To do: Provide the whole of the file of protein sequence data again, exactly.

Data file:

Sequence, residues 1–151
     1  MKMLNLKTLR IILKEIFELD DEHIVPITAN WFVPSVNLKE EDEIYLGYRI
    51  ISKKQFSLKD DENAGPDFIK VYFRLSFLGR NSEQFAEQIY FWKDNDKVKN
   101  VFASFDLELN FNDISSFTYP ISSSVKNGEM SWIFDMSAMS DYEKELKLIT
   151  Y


Sequence, residues 1–151
     1  MKMLNLKTLR IILKEIFELD DEHIVPITAN WFVPSVNLKE EDEIYLGYRI
    51  ISKKQFSLKD DENAGPDFIK VYFRLSFLGR NSEQFAEQIY FWKDNDKVKN
   101  VFASFDLELN FNDISSFTYP ISSSVKNGEM SWIFDMSAMS DYEKELKLIT
   151  Y